“I have for the past several years seen an increased presence of state police,” Munn said. “I believe that is due to an increase of traffic in the Foster Brook area. More people equals more vehicles, which in turn, warrants more traffic enforcement.”
Shipman echoed Munn’s comments, saying he hears complaints of “oversaturation by PSP” in the region. And he tells people the same thing: state police provide traffic enforcement.
“Their presence in our area, in my opinion, helps to reduce speeding, careless drivers and other actions that ultimately lower the number of traffic accidents and the injuries that occur in accidents,” Shipman said.
Because state police are focusing on traffic enforcement, they will be seen more often where traffic is heavier, he said.
In the City of Bradford, Bartlett — who took over as chief at the beginning of January — began his tenure by meeting with Lewis Run barracks commander Sgt. Mary Gausman.
“During this conversation we discussed building a better relationship between our departments, public concerns with increased patrols and our concerns with increased drug activity in McKean County as a whole,” Bartlett said, adding the meeting was productive. “Sgt. Gausman did acknowledge increased holiday patrols and our concerns with the increased enforcement of minor violations.”
He added, too, that Gausman reiterated the willingness of the state police to assist the city department with any resources available to them.
“Due to budget constrictions the City of Bradford Police Department is working with a decrease in manpower and having state police willing to assist our agency until our manpower issue is rectified is an asset,” Bartlett said. “Although no formal or informal requests for manpower assistance have been made by the City of Bradford Police, we feel having additional officers in the area can only assist us with providing a safe community.”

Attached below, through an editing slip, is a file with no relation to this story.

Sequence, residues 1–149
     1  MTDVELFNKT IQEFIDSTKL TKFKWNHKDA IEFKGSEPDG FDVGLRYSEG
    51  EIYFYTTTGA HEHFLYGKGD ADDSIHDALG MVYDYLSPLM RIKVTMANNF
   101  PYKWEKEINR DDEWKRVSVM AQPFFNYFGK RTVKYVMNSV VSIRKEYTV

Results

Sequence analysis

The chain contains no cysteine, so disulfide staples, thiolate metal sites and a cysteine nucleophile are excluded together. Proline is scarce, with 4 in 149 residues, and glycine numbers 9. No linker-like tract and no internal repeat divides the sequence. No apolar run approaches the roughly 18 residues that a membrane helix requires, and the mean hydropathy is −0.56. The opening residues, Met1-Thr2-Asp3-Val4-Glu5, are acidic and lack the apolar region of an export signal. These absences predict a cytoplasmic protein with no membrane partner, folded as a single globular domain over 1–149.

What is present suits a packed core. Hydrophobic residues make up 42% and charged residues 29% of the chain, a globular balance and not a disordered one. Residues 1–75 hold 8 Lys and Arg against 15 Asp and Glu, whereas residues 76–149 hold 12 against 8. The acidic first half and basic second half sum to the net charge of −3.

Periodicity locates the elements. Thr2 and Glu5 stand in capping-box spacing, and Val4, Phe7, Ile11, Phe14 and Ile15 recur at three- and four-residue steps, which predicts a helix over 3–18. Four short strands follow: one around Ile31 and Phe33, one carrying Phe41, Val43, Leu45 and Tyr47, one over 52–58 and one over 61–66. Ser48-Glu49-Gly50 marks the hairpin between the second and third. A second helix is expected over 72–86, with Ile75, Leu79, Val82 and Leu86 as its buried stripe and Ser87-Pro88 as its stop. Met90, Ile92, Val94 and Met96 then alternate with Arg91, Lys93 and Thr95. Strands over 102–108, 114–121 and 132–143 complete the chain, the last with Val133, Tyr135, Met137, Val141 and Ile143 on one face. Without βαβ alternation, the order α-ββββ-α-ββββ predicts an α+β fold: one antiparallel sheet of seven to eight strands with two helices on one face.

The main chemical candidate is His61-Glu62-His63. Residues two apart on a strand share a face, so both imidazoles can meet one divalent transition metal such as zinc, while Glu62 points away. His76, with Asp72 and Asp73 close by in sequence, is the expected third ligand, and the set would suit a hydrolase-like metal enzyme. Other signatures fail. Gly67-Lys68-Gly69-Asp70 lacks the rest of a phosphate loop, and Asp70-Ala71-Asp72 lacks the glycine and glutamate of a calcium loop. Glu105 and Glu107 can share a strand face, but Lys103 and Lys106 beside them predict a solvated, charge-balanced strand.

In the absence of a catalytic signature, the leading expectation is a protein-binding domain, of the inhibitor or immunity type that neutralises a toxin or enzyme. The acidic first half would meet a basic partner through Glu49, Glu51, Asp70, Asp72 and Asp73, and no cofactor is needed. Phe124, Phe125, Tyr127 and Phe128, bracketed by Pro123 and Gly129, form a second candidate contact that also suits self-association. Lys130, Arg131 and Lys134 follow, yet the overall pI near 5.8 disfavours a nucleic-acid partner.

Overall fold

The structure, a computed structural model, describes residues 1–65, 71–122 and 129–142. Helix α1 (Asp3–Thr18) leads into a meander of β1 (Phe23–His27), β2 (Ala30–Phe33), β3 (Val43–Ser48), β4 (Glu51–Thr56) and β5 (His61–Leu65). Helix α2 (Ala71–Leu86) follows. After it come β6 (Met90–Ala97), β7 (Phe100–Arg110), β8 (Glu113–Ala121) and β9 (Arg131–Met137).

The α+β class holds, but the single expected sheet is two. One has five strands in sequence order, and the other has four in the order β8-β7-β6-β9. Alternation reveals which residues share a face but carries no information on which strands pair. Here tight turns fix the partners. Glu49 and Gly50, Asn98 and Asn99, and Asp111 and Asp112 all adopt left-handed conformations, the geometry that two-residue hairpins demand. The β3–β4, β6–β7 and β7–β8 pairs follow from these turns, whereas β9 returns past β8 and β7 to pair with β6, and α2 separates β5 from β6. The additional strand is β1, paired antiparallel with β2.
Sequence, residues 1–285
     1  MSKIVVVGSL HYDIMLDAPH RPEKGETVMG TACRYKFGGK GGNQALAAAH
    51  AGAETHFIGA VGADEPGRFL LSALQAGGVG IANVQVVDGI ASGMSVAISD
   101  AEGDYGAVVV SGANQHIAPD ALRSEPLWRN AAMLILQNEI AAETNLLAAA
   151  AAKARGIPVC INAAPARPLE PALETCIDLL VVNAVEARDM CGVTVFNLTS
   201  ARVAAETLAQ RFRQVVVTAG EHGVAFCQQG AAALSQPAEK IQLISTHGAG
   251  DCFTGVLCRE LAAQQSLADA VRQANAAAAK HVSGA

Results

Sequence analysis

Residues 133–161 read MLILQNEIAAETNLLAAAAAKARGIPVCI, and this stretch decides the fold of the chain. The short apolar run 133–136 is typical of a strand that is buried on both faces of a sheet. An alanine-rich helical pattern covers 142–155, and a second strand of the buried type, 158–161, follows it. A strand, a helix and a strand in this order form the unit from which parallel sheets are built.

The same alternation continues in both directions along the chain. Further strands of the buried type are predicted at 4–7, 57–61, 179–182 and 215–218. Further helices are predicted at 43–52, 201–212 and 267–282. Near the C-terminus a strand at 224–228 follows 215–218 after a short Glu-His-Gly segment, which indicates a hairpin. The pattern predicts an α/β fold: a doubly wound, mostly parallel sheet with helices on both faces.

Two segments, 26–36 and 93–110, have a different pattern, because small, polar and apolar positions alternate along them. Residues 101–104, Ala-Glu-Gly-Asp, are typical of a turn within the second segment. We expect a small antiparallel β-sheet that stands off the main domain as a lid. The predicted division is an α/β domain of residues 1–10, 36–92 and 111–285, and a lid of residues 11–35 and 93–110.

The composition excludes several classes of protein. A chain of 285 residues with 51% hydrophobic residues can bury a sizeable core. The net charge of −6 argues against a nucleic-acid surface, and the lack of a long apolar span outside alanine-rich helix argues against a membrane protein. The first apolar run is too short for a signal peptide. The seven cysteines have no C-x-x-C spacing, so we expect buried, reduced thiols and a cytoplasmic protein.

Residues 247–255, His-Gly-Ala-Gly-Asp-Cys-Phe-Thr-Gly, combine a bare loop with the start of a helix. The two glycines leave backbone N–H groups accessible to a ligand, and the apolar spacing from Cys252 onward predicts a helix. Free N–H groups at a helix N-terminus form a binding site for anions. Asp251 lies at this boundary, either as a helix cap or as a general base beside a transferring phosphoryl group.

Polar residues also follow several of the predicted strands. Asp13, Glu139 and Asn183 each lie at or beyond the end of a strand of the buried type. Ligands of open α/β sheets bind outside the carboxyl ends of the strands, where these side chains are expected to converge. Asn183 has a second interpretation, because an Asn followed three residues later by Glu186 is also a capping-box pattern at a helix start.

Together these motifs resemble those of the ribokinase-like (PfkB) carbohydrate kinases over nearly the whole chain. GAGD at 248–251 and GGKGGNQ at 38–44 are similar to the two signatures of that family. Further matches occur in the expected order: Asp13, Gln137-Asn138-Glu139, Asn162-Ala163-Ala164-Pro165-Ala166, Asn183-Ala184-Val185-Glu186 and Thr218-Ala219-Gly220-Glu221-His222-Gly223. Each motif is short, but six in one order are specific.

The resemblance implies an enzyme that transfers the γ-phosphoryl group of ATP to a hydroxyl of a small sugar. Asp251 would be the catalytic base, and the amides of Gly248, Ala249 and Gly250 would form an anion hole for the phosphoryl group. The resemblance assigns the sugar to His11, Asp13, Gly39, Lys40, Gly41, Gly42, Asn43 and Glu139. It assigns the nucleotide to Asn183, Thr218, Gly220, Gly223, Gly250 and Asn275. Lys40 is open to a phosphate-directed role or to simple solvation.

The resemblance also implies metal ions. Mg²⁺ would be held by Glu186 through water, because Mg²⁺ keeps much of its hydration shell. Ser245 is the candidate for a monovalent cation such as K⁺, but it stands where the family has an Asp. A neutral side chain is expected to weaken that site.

Kline said that if any community member suspects a trooper of misconduct or unfair treatment, “the Pennsylvania State Police encourages them to file a complaint immediately. The Pennsylvania State Police takes allegations of member misconduct seriously and is committed to conducting a prompt, thorough, and fair investigations. Complaints may be filed at any state police station, 24 hours a day, seven days a week.”
Complaints may also be submitted online at psp.pa.gov or by telephone at 866-426-9164.
This is not the first time the matter of state police patrols in the Bradford area has been raised. In 2009-10, Cummins wrote to then-Gov. Ed Rendell about issues he had with the state police. He had written to the PSP commander at Punxsutawney at the time, Capt. Kimberly Leemhuis, about it as well. Leemhuis at the time denied state police were “lying in wait,” and said the “frivolous stops” he was referring to were a method of “traffic interdiction.”
Cummins isn’t convinced by the state police’s assurances.
“The blanket denial of these tactics 10 years ago and the fact that you are still using them now is not indicative of a law enforcement agency seeking better relationships with our community,” he said.